Power and Politics in Business. Prepare this assignment according to the guidelines found in the APA Style Guide. An abstract is required. Perhaps the best example of personalized power comes from the CEO of Apple computers i.e. Steve Jobs. Even a cursory glance at the power structure of the company will show that the management techniques used at Apple have greatly affected the company’s success and failure. A culture of power and an aura of personal authority extend from the CEO of the company and as the CEO will often behave in a radical, unconventional and anti-organizational way, so does the company follow in his mighty footsteps.
For example, Steve Jobs’ management process of terminating employees is absolute and unquestioned since he is famous for his summary ‘executions’ where he has been known to fire people working for the company in the time it takes to go from one floor of the building to another in an elevator. This is certainly done without legal or any other sort of consultations with anyone since his individual power is absolute. His presence on the company campus is affectionately known as the reign of terror in which anything can happen anywhere at any time (Deutschman, 2000).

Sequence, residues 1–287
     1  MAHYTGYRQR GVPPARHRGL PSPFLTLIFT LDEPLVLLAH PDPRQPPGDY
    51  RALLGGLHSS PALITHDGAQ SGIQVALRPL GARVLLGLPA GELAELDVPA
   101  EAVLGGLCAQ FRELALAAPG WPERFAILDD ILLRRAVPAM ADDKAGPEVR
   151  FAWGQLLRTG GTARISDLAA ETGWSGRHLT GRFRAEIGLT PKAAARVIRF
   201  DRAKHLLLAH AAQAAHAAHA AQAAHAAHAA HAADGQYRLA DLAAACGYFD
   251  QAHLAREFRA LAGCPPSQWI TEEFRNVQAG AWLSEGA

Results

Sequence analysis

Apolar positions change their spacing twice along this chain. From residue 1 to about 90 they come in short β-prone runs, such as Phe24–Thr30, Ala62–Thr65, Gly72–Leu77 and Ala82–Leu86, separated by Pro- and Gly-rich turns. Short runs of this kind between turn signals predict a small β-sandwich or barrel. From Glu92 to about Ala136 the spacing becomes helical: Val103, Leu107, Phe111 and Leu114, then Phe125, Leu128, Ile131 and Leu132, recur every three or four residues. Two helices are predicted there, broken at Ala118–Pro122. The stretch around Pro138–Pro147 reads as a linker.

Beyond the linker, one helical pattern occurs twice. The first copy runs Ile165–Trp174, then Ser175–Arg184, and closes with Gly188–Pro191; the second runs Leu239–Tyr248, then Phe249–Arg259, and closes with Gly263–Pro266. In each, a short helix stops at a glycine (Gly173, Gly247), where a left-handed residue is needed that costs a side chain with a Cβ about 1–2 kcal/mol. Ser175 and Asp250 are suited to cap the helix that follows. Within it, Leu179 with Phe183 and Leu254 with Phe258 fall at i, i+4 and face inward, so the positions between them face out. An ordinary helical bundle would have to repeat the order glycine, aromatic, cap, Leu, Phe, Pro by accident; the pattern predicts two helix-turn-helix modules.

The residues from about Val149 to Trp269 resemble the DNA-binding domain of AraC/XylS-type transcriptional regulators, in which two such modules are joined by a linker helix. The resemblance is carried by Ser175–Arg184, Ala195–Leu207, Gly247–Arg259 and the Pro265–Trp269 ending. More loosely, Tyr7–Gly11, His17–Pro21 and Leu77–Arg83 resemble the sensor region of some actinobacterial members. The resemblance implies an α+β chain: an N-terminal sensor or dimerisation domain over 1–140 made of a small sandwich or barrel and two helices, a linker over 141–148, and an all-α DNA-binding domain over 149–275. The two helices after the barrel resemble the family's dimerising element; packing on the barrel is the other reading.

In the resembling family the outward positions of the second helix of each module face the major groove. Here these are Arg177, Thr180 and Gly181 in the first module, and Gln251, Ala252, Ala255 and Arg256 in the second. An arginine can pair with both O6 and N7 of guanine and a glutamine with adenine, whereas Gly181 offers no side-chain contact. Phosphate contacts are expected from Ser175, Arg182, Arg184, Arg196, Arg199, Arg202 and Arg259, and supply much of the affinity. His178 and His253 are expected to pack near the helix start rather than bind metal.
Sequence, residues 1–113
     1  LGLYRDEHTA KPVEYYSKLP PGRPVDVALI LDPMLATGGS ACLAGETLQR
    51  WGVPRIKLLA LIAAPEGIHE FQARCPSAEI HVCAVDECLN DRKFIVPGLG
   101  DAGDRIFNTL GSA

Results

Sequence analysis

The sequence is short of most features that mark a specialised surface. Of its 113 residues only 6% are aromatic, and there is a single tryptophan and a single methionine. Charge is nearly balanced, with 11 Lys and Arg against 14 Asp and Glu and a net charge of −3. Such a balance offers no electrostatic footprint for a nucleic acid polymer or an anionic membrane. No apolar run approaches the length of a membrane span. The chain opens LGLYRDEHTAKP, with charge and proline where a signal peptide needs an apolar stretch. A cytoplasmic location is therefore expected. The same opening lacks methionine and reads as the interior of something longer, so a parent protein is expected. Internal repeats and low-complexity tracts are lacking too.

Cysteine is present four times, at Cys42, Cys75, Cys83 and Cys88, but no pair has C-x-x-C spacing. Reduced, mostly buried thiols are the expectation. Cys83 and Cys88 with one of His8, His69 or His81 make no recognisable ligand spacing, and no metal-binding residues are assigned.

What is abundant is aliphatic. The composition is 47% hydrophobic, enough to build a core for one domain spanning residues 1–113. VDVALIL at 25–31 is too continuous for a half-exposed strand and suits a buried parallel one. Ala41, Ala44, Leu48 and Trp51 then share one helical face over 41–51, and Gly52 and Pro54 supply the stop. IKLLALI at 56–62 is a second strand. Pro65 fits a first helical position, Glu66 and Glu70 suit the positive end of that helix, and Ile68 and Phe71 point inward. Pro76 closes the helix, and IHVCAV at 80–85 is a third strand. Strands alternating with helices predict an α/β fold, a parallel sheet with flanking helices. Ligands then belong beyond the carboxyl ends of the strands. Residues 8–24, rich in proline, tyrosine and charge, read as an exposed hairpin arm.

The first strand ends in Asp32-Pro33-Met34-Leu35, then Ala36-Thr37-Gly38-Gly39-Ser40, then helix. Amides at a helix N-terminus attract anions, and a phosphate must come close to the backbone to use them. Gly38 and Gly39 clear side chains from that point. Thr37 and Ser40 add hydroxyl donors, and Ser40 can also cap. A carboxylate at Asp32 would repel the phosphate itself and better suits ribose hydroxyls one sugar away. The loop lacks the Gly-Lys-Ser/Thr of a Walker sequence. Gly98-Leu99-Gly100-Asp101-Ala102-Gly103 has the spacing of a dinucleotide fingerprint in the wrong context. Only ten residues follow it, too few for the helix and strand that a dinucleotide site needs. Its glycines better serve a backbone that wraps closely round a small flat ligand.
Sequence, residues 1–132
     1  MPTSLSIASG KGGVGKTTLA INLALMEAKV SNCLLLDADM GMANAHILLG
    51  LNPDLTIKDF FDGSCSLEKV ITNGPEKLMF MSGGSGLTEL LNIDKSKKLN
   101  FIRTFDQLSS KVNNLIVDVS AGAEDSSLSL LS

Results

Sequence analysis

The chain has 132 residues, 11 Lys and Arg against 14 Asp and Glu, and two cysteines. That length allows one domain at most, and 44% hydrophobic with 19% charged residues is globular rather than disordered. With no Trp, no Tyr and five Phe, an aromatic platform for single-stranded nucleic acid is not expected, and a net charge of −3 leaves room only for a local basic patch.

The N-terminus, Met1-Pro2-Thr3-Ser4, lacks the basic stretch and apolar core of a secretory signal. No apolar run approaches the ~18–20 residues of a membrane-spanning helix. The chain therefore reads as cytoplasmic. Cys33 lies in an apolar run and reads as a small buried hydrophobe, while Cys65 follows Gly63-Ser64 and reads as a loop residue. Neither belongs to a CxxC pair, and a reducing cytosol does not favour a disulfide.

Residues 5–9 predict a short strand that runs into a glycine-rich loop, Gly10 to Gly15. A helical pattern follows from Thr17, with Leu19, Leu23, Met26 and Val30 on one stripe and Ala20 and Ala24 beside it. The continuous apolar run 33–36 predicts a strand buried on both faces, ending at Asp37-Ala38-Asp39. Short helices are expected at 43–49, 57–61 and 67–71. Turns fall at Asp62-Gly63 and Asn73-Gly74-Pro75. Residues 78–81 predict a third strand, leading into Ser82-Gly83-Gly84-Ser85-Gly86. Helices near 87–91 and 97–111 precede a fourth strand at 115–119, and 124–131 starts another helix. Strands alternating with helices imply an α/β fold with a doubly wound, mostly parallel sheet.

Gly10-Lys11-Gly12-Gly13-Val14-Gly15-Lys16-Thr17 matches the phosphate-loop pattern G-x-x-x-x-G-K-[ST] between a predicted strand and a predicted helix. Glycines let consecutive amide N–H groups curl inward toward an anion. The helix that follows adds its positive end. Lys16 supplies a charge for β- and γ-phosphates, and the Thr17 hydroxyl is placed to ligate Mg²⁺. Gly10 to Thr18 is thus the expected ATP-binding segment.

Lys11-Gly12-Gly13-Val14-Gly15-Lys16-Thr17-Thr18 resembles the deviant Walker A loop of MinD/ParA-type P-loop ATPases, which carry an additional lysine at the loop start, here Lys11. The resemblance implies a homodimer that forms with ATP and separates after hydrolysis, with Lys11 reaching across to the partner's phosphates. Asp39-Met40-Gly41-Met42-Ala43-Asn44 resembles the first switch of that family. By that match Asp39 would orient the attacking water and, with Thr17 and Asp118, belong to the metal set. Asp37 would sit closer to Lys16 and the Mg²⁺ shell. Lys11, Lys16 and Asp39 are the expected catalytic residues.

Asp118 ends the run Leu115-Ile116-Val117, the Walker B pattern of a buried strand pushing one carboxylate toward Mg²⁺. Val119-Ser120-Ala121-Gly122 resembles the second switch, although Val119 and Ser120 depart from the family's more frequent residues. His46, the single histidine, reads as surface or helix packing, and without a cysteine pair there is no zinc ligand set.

Normally, an organization takes a lot of time and places a lot of thought into both hiring and firing individuals since there are legal checks which need to be made and decisions like removing people from service can have far-reaching effects on the overall company. Such rules do not seem to apply at Apple since Steve Jobs’ working tactics have been discussed by Deutschman (2000) who says:
“He had total disregard for the hierarchical chain of command. He would remember what several hundred people did and call on whomever he needed, always bypassing their managers. It was as though everyone in the company reported directly to Steve himself (Deutschman, 2000, Pg. 1)”.
His power also creates an aura of influence which lets Steve Jobs get more out of individuals working for the company (Nelson and Quick, 1999). A story given by Hertzfeld (1984) discusses how the human potential of the team was unleashed by Steve Jobs’ stubborn refusal to give up even when the situation seemed drastic. .